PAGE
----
delivered to him by the First Consul and His Majesty King of Great Britain; equally the communication of his journal since the condemnation of his ship Investigator.
"Port North-West, Ile of France, the 26th frimaire 12th year of the French Republic (answering to the 19th December, 1803).
Flinders corroborates the statement regarding the taking of papers from the trunk, stating that they consisted of the third volume of his rough log-book, which contained "the whole of what they desired to know," respecting his voyage to Ile-de-France. He told Decaen's Secretary to make such extracts as were considered requisite, "pointing out the material passages." "All the books and papers, the third volume of my rough log-book excepted, were then returned into the trunk, and sealed as before." It is important to notice that at no time were papers taken from the trunk without Flinders' knowledge and concurrence, because the charge has frequently been made, even by historical writers of authority, that his charts were plagiarised by the cartographers of Baudin's expedition. Flinders himself never made any such allegation, nor is there any foundation for it. On the contrary, as will be made clear hereafter, neither Decaen and his officers, nor any of the French, ever saw any of Flinders' charts at any time.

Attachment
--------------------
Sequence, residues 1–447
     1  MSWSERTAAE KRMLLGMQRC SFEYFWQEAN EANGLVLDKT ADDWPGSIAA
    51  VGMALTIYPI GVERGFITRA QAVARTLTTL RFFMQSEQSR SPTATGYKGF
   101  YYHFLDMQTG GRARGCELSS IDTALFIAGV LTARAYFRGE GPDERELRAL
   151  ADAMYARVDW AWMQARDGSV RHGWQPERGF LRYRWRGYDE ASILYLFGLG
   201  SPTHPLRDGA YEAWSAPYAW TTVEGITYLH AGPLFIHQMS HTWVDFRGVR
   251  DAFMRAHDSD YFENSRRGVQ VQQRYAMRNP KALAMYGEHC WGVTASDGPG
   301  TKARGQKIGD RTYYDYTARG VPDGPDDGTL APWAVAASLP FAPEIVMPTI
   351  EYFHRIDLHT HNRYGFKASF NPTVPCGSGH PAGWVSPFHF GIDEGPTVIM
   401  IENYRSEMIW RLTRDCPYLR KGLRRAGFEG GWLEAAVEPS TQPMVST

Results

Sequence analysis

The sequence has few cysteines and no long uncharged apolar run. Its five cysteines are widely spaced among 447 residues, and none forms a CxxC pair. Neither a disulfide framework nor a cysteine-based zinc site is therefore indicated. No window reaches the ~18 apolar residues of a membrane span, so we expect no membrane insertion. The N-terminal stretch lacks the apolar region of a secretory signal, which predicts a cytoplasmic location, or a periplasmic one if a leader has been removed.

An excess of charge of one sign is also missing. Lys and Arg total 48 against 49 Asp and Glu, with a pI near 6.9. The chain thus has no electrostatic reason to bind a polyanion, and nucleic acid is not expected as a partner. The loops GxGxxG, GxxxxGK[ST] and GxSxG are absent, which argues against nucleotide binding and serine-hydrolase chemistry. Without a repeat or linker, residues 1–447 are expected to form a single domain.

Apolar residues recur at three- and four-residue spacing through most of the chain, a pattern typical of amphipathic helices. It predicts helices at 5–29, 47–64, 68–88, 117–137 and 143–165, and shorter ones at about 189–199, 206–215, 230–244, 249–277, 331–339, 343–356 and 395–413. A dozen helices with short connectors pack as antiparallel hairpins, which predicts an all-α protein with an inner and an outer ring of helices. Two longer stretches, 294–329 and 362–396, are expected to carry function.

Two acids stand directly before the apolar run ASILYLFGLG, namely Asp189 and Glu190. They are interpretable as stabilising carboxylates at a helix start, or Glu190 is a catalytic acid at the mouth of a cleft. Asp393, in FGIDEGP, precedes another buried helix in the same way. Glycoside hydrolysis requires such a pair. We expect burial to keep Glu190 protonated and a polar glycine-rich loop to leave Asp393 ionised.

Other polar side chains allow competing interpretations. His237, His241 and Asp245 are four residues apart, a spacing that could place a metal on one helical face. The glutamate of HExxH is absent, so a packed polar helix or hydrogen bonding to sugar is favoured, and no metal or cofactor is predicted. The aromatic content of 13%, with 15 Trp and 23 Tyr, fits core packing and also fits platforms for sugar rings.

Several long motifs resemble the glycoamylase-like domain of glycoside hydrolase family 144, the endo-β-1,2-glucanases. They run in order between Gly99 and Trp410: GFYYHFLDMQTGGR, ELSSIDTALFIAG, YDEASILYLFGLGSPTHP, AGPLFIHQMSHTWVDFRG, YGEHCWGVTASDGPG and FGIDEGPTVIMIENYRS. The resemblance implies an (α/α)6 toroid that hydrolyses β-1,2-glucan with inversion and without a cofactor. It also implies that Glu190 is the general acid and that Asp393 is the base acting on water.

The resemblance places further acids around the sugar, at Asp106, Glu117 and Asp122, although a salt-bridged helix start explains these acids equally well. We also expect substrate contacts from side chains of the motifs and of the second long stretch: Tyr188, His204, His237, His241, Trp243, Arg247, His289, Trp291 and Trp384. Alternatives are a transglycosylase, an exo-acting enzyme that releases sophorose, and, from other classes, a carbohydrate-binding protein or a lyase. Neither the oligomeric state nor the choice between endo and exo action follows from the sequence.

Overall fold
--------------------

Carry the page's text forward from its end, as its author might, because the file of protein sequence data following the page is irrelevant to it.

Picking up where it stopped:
Immediately after the examination the General, on behalf of Madame Decaen, sent Flinders an invitation to dine, dinner being then served. At this point, one
- In the Cambridge Modern History, for instance (ix., 739): "The French authorities at Mauritius having captured and imprisoned the explorer Flinders on his passage to England, attempted by the use of his papers to appropriate for their ships the credit of his discoveries along the south coast of Australia."